- Google wasn’t launching a digital advertising business. Google was doing 100x better search and then 1000x better ads.
- Facebook wasn’t launching a digital social network. Facebook hit upon 100x better social networking and kept building great technology and amazing design.
- Airbnb weren’t creating digital hotels. They were building airbnb.
- Uber wasn’t creating digital taxis, uber was doing cabs in a whole new way.
- Netflix wasn’t trying to create a digital movie theatre. Netflix was doing dvds, then movies, then an app, 100x better, taking advantage of each successive generation of technology.
This leads to a question — what if the way to do digital in banking and #fintech is to stop “making a bank more digital” and start working to deliver financial services to consumers 10x, 100x or 1000x or more better than anyone else using the same technology first approach that created Silicon Valley powerhouses?
Financial institutions can’t beat SiliconValley but they can join it.
Digital transformation, often practiced incrementally, often does not work. If we add a website to Walmart, Walmart doesn’t become an e-commerce company. If we add a chatbot on a Bank’s website, it doesn’t become an AI company. If we throw a mobile app into a legacy bank, the bank doesn’t become a digital bank. Transformation has to come from the core, the parts we are most scared to mess with and that’s what Robert Iger did. From Bob’s autobiography, “The Ride of a Lifetime” we can extract the following key steps into a different “Digital Transformation” playbook that squarely places the responsibility for Digital Transformation in the hands of the CEO and the board, and not a separate “Digital” function.
- Bob recognized that disruption was inevitable and imminent. In Bob’s Autobiography, Page 197 he writes about how decided to reinvent Disney in the face of imminent Disruption — which meant changing almost EVERYTHING. With Big Tech going after FS dollars, I believe the threat has magnified 10x and an aggressive rather than defensive approach is the only path to safety for retail Banks.
- Bob started from the core — Bob started by changing Disney from its most core business i.e Disney Animation. Bob did not acquire Pixar to run it as a sideshow. Bob specifically configured Disney such that Pixar could lead, and teach Disney Animation, the core of the company, how animation can be done 10x, even 100x better.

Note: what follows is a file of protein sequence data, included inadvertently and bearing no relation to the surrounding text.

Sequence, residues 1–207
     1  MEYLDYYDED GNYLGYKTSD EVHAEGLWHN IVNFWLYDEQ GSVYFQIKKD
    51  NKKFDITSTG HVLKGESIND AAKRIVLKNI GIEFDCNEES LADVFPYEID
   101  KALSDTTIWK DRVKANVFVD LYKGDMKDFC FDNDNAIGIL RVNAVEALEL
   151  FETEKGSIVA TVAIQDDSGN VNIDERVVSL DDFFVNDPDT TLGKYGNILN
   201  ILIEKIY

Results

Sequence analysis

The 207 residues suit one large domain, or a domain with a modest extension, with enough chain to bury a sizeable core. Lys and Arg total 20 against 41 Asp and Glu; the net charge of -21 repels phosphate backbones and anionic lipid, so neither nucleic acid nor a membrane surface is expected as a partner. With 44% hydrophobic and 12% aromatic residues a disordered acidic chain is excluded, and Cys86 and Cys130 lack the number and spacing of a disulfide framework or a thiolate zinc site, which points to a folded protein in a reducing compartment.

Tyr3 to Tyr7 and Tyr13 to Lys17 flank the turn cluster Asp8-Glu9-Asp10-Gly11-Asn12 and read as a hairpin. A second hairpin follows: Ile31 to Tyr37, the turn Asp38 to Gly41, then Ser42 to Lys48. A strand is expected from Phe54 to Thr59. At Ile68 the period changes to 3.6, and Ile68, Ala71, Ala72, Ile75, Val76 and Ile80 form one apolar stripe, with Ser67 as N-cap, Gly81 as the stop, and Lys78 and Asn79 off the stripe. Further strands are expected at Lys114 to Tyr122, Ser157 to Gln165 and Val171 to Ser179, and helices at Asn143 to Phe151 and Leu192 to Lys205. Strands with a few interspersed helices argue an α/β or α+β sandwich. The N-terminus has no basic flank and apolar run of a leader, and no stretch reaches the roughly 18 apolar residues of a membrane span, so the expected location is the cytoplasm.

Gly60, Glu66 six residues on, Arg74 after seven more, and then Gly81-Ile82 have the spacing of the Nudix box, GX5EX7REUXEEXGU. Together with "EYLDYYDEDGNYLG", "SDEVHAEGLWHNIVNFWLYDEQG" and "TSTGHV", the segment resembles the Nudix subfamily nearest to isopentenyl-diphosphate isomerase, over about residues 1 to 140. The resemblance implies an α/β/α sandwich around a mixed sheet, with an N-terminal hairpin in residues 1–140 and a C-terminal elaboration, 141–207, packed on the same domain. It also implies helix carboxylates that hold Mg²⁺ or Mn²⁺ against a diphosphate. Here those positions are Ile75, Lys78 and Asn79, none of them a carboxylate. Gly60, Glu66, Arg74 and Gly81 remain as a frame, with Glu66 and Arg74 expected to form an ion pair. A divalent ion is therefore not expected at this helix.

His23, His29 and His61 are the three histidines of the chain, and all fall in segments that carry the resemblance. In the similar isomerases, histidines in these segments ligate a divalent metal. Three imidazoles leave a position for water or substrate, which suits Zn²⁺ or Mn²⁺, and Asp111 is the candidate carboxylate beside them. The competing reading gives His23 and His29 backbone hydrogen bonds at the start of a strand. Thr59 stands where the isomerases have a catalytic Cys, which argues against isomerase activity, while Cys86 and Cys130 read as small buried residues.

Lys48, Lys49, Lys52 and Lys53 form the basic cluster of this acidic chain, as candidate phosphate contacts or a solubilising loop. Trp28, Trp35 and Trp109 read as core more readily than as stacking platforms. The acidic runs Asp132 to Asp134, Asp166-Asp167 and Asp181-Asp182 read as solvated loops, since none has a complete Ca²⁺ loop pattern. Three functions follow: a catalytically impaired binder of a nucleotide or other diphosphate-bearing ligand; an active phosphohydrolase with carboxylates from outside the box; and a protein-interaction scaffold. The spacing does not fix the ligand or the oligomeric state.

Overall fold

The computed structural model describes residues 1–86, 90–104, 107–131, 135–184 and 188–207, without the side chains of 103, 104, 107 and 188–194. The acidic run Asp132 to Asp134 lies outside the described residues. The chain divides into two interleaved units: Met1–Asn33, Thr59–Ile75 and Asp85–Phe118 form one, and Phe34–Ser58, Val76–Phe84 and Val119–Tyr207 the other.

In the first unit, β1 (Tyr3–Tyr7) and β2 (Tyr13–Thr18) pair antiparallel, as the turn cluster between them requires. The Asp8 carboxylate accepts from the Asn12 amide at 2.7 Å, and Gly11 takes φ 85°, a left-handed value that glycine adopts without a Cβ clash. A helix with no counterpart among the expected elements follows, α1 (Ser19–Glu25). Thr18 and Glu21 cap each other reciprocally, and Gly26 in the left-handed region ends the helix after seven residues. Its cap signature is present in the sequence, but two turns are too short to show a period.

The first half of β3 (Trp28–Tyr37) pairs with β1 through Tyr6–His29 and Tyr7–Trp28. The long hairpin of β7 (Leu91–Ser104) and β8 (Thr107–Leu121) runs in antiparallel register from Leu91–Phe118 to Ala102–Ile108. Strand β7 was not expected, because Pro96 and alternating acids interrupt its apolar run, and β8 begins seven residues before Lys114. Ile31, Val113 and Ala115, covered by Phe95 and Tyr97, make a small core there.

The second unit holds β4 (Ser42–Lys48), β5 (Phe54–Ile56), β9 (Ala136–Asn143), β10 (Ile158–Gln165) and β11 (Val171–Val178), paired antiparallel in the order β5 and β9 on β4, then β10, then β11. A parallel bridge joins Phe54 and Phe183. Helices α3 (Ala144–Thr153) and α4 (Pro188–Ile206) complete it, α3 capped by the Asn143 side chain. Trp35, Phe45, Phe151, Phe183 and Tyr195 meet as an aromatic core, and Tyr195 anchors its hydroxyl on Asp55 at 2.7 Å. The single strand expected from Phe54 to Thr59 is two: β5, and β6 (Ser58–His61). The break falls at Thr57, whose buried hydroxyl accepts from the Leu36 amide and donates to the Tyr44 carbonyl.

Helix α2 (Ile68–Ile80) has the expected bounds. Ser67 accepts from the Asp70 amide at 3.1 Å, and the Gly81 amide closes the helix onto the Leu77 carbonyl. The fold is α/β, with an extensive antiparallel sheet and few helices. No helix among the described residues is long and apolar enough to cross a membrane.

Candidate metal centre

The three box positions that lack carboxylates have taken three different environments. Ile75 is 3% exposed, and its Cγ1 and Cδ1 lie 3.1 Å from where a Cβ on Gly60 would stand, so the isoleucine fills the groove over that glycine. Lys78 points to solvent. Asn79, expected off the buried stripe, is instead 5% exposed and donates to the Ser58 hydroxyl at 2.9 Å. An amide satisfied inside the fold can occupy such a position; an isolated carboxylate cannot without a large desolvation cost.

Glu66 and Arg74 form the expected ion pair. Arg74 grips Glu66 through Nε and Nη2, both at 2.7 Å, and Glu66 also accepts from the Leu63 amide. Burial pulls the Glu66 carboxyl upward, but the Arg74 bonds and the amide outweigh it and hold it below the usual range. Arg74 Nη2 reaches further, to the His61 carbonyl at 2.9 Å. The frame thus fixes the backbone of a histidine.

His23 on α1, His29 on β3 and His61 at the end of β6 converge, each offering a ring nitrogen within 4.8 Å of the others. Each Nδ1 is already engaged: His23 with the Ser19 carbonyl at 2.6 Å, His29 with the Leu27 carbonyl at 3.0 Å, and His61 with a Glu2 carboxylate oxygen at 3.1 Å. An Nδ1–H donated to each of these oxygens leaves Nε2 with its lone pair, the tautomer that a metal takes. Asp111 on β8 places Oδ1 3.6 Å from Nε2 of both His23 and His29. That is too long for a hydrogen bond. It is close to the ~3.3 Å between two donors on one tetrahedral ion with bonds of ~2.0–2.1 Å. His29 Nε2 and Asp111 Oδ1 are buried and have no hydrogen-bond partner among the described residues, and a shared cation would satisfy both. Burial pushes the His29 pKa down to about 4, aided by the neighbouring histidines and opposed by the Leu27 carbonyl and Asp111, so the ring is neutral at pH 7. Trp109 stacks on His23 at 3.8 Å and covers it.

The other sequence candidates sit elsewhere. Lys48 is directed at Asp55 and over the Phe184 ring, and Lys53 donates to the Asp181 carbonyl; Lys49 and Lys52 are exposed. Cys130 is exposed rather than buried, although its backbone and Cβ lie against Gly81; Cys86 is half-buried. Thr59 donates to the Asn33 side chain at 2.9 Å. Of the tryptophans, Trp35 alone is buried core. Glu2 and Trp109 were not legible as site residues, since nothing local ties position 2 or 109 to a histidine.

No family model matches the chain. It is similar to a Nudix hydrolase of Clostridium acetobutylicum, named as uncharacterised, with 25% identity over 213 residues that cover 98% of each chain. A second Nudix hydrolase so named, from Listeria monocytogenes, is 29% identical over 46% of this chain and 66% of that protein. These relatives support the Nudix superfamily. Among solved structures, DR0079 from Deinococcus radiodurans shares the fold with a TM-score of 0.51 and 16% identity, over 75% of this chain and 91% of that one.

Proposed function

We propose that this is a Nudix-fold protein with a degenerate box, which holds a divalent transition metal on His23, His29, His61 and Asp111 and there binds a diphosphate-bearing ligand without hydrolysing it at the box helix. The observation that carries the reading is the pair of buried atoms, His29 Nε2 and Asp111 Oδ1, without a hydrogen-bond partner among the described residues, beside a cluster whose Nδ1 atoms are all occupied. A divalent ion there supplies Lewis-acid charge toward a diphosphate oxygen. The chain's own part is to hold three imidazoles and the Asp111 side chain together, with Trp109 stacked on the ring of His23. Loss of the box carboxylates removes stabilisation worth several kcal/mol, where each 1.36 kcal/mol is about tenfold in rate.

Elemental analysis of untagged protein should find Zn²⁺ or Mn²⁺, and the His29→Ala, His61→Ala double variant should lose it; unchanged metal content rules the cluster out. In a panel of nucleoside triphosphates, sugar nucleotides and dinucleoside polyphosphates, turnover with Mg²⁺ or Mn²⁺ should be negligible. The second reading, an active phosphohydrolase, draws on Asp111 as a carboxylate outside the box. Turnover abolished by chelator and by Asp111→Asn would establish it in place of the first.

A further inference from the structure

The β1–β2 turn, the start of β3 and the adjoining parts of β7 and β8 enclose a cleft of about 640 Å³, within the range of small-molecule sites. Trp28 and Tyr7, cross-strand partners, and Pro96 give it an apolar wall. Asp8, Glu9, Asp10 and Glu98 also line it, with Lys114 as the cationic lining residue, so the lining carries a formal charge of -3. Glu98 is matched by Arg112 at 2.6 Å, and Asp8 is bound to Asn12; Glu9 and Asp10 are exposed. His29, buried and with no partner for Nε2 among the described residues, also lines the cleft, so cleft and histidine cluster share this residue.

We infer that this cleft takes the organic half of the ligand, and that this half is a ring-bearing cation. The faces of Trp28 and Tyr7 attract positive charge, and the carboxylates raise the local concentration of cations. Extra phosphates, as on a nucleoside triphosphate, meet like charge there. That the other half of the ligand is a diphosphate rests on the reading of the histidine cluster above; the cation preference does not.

- Bob hired a consultant on the board. His name was Steve Jobs — when Bob paid the premium for Pixar, he brought on someone on the board who knew what no one else at Disney did ie how to build a technology first business. In fact, Bob’s humility and approach towards Steve was a huge change from his predecessor and inspired by the recognition that Bob himself was unprepared to compete in a technology first environment.
4. Bob didn’t see reinvention of Disney as a separate digital or innovation function to be done by a Chief Digital Officer. Bob saw it as the number one priority for the CEO and used every single lever of corporate strategy at his disposal. Restructuring, market entry and exit, culture change, corporate finance, M&A, partnerships, corporate portfolio management, … literally, almost everything.
5. Bob built a coalition at the board level and used his proximity to Silicon Valley to drive urgency through the board and executive ranks.
14 years, 4 acquisitions, 1 Bob Iger: How Disney's CEO revitalized an iconic American brand
Disney's domination of the global box office in 2019 has been nearly 20 years in the making, under the direction of Bob…
6. Bob made bold, decisive bets.
Bob knew people aren’t inspired by pessimism or half hearted things. When Bob moved, Bob moved big, like an entrepreneur would. The idea was to inspire the whole company for the new era, to make everyone part of a cause, the cause of reinventing a great American institution.
7. Bob let the new kids work. The kids knew way better.
The usual incumbent playbook is to acquire a disruptor and smother it with a soft pillow inside the new mansion. Bob’s playbook was to let the disruptors teach the whole family how to do things in a world that had already changed!
What’s truly incredible about Bob Iger’s playbook is his courage to make big, bold bets on cutting edge technology businesses and let the acquisitions e.g. Pixar (a) Run their own show with absolute freedom (b) Take over the whole legacy business over time e.g. Disney Animation.
8. Bob worked every lever to drive alignment, including incentives to reinvent culture…
Bob Iger Did It, Jamie Dimon Will Do it Too
Is it time to replace the buzzwords of buzzwords, #digital by two words — technology first? My thesis is that since the task ahead for incumbents is not changing existing operations to be “more digital” but “surviving in the face of extreme competition and rapid technology led disruption from technology firms”, the path to being a digital company is being a technology first company. Goldman Sachs understands this. JP Morgan does too.
For senior executives in Financial Services, this means turning off the tap on half hearted, peripheral experiments and mobile apps and making a trip to Disneyland to fire up their imagination like Buzz Lightyear. If Bob (read Buzz) can reinvent the whole of Disney, surely you can reinvent the bank…